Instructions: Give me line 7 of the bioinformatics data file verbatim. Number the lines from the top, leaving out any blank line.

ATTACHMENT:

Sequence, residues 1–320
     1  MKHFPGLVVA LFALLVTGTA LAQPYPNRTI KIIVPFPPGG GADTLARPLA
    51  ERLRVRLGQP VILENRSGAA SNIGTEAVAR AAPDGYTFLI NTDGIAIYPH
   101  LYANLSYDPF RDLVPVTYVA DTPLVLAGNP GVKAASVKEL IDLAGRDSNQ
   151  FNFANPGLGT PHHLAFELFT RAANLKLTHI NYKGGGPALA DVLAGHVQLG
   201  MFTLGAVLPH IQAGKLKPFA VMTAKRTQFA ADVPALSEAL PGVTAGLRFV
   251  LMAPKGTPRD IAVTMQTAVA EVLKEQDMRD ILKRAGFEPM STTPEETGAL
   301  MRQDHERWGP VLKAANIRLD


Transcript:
   251  LMAPKGTPRD IAVTMQTAVA EVLKEQDMRD ILKRAGFEPM STTPEETGAL